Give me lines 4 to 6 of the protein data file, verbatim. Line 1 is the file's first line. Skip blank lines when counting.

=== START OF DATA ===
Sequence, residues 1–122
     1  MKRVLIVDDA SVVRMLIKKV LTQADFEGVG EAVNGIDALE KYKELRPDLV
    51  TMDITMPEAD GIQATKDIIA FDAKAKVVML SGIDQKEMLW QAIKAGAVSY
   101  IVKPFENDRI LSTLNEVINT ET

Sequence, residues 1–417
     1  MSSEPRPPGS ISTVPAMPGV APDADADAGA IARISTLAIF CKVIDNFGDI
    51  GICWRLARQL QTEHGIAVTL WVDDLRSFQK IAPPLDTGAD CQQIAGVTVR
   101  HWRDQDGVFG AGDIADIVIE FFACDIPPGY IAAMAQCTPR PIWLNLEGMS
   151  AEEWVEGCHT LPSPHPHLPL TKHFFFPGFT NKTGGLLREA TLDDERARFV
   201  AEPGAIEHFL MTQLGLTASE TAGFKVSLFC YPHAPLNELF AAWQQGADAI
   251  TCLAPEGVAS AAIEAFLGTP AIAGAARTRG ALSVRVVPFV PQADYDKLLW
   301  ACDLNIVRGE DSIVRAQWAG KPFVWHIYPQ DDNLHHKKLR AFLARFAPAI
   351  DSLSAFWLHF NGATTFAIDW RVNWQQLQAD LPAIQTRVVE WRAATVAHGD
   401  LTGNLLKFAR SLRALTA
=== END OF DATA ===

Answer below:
   101  IVKPFENDRI LSTLNEVINT ET

Sequence, residues 1–417
     1  MSSEPRPPGS ISTVPAMPGV APDADADAGA IARISTLAIF CKVIDNFGDI